Israel’s shift to the right

The vote in Israel shows that a majority of Israelis voted for right-leaning parties. Avigdor Lieberman’s Yisrael Beitenu party, loathed by many for issues like wanting Arab Israelis to swear a loyalty oath, won fifteen seats in the Knesset. Labor, the party that gave us the worst Defense Minister ever (but the best Stalin lookalike, Amir Peretz) won only thirteen. The “peace” parties—the parties that the world most expected to bring peace to Israel and the Palestinians—were shoved aside. Why is that? Why is Labor doomed to the opposition, and Meretz even more marginalized than before? Read what an Arab member of the Knesset says:

Nonetheless, MK Ahmad Tibi said, “The Israeli public must ask itself how a fascist like Lieberman wins 15 mandates and becomes the third largest in Israel. Fifteen mandates is too much. It’s shameful for Israel.”

I don’t think it’s the Israeli public that much ask itself how Lieberman can win fifteen mandates. I think it is the world that needs to ask itself why the Israeli public felt the need to give fifteen mandates to Yisrael Beitenu. And the answer is pretty clear:

A mortar shell landed in an open area in Eshkol Regional Council Wednesday afternoon. There were no reports of injuries or damage.

Tuesday night, half an hour before polling stations closed, a Qassam rocket was fired at the western Negev.

The rocket exploded in an open area between the Sha’ar Hanegev and Sdot Negev regional councils. No one was injured and no damage was caused.

Sunday morning another rocket was fired on Israel, and exploded in a parking lot in a kibbutz in Sha’ar Hanegev Regional Council. No one was injured, but a number of cars were damaged and caught fire.

Ariel Sharon broke with Likud in 2005 to form Kadima so that he could effect the withdrawal from Gaza. And many Israelis believed Sharon’s promise that withdrawing from Gaza would be good for Israel. After Sharon’s stroke, Israelis gave Ehud Olmert the chance to continue with Sharon’s work. In response, Israel got thousands of rockets, terror attacks, shootings, a kidnapped soldier, and no peace. Israel’s situation since leaving Gaza has worsened. The war that just ended last month has not stopped Hamas from firing rockets and mortars. So Israeli voters withdrew their approval for the centrists, and gave it to the parties that lean to the right. If Likud had been headed by a new face that Israelis trusted, rather than an old face that Israelis lack confidence in, Likud might very well have come off the big winner. The election result is a decided thumbs-down for Kadima.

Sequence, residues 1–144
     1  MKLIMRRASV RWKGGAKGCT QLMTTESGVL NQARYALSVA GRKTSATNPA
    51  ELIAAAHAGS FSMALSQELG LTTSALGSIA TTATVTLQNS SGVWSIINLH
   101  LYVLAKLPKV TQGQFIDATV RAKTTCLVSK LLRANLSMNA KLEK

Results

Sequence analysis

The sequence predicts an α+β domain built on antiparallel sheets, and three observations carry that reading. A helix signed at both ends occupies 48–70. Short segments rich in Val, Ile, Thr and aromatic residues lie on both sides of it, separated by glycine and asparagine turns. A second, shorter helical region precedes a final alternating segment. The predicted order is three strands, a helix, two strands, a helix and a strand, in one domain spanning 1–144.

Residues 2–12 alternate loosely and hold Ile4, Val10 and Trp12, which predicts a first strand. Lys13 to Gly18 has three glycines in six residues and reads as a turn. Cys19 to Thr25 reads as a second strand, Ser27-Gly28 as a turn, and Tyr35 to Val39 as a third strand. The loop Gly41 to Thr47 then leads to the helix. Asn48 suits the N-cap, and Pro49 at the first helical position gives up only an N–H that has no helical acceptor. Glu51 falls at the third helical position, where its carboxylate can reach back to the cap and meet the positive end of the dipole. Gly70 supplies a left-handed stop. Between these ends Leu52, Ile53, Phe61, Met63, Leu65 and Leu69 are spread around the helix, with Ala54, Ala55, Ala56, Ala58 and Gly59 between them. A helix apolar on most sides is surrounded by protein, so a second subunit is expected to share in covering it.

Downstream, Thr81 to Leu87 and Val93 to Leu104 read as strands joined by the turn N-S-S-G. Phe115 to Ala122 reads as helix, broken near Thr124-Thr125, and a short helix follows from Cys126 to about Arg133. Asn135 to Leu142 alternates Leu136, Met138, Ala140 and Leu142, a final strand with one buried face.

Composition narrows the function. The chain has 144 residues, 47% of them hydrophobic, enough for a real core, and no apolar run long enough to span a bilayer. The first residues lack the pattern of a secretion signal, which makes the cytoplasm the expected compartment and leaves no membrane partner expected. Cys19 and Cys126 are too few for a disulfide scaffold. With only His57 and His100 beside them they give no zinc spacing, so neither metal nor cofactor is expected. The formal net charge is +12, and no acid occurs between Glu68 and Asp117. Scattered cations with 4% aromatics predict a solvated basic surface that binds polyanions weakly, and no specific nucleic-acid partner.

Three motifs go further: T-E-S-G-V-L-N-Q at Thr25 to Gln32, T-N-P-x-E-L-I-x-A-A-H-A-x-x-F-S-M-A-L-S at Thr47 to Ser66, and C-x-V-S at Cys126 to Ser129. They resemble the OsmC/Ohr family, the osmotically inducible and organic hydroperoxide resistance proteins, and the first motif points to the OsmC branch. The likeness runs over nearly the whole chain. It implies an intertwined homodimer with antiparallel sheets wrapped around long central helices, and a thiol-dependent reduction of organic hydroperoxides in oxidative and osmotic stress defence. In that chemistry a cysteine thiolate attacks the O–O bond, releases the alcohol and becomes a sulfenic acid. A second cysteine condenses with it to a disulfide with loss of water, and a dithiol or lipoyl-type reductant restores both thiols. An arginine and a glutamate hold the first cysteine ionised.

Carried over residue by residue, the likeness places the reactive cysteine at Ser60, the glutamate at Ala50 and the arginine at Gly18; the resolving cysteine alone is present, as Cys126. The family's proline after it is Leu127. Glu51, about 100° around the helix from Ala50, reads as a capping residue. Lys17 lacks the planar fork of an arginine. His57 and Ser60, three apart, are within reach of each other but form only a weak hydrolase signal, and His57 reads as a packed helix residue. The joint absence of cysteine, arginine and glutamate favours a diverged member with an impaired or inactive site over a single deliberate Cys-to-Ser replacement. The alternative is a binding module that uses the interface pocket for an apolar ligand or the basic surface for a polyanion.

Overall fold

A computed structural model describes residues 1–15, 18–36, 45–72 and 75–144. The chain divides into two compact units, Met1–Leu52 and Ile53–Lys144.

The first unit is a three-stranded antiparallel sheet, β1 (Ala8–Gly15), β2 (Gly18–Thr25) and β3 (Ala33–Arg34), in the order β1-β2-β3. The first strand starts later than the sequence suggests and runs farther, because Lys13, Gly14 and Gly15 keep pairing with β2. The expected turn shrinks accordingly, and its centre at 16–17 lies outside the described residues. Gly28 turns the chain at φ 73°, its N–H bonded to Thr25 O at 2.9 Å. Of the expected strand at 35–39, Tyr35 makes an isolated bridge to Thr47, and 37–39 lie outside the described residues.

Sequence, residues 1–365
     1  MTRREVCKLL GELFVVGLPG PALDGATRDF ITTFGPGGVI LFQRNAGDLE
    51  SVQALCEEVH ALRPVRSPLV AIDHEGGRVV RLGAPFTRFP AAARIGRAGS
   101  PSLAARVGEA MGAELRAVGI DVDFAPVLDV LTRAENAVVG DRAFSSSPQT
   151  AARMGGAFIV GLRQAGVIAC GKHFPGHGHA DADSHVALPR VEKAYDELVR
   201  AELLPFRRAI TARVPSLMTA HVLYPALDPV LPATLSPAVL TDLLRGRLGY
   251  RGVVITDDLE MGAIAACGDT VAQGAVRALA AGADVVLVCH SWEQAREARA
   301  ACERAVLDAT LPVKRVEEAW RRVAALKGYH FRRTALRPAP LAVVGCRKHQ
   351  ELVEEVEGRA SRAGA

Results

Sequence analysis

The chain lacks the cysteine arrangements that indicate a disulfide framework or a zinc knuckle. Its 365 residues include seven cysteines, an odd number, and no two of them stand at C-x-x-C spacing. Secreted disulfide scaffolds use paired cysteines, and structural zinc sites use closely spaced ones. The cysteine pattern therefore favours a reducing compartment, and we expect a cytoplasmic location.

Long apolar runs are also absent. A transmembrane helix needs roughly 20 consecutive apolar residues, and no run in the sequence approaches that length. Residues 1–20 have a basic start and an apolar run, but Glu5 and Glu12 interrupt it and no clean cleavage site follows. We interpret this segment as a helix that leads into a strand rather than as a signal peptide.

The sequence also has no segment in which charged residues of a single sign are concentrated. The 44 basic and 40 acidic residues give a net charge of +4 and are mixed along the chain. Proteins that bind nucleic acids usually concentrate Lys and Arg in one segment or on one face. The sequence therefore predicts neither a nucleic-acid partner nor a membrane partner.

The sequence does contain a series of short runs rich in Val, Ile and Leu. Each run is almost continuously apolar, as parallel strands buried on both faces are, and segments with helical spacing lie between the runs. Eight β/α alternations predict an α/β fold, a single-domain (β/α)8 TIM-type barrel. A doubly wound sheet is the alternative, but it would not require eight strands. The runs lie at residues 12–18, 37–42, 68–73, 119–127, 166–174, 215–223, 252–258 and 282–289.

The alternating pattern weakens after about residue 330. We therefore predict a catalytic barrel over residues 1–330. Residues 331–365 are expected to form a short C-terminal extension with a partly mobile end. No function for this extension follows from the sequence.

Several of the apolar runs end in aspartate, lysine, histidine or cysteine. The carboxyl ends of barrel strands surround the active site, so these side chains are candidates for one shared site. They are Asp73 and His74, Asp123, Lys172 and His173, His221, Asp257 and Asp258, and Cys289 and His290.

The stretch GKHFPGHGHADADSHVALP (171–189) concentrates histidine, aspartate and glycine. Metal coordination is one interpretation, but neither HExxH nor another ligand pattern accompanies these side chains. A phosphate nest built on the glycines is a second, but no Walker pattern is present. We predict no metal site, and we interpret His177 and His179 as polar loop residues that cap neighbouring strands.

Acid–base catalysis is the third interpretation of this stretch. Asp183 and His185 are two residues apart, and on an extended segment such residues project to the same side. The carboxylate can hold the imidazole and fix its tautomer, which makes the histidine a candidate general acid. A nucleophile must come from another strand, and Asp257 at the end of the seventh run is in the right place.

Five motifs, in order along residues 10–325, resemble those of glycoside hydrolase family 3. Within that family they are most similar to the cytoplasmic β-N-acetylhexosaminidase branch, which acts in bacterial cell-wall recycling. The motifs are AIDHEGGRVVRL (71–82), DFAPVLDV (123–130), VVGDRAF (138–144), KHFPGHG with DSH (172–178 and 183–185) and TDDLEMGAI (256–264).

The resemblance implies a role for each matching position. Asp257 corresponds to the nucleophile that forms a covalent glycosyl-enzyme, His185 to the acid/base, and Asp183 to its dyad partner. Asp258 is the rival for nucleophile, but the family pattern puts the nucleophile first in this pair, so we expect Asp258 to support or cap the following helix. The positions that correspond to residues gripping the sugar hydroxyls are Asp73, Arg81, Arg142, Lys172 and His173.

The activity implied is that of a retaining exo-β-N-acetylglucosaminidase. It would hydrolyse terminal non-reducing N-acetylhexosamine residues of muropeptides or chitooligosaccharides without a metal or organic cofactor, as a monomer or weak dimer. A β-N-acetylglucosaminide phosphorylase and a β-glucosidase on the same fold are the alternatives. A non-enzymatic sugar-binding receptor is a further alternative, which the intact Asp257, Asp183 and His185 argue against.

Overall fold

Israelis want peace. But the policies of the last decade have failed. So Israelis are voting for the strong horse, as they say, but only just. The right-leaning parties have a bare majority in a 120-seat Knesset. The majority of Israelis no longer trust the peace process, because they’ve tried it for decades, and every time Israel gives up land, in return, they get terror.

The Gaza Strip was not blockaded when Israel first pulled out. Instead of working on building Gaza up economically, Gazans destroyed every last vestige of Israel, including the greenhouses, and then installed Hamas firmly into the government. The message to Israel was clear: We’re still going to destroy you. The thousands of missiles carried that message to southern Israel on a regular basis. Even now, Hamas refuses to stop the rockets, refuses to put aside “resistance,” and still calls for an Islamic state from the Jordan River to the Mediterranean Sea.

Israelis aren’t stupid. They were hopeful. They were optimistic. They were willing to believe that the Palestinians wanted peace just as much as they did.

They were wrong.

And that’s why the Israeli vote went to the right. Not because of the drivel that you read in the AP that says Israelis have a “self image as a besieged nation surrounded by enemies.” Not because “many Israelis are still traumatized by the Palestinian uprising.”

They voted for Likud and Yisrael Beitenu because Israel gave peace a chance. They tried land for peace. It didn’t work. Now, Israelis are going to give the Palestinians a government that won’t keep trying the same failed policies. Bibi Netanyahu has promised to work from the bottom up, instead of the top down, which is exactly what should be done. Let the Palestinians stop the terror first. It’s about time they stopped being rewarded for not fulfilling their end of any deal.

This entry was posted in Israel, Politics. Bookmark the permalink.

2 Responses to Israel’s shift to the right

  1. Soccerdad says:

    As I mentioned in my e-mail, there’s something perverse about Tibi, who served as Arafat’s adviser even as he served in Knesset criticizing Lieberman. If there weren’t Arab politicians like Tibi, there wouldn’t be Israeli politicians like Lieberman.

  2. LynnB says:

    Great analysis, Meryl.

    One small correction: The disengagment from Gaza was completed on August 22, 2005 (and from northern Samaria the next day). Sharon announced his intention to leave the Likud and form his own party on November 21, 2005.

    So clearly he didn’t form Kadima to effect the disengagement, which had been completed three months earlier. The split was more a result of the disengagement and the subsequent fracturing of the party as a result.

    I only bother to mention this because I’ve seen this error repeated a few times now in the post-election reporting and once it gets repeated often enough on the internet it will be hard to call back.

Comments are closed.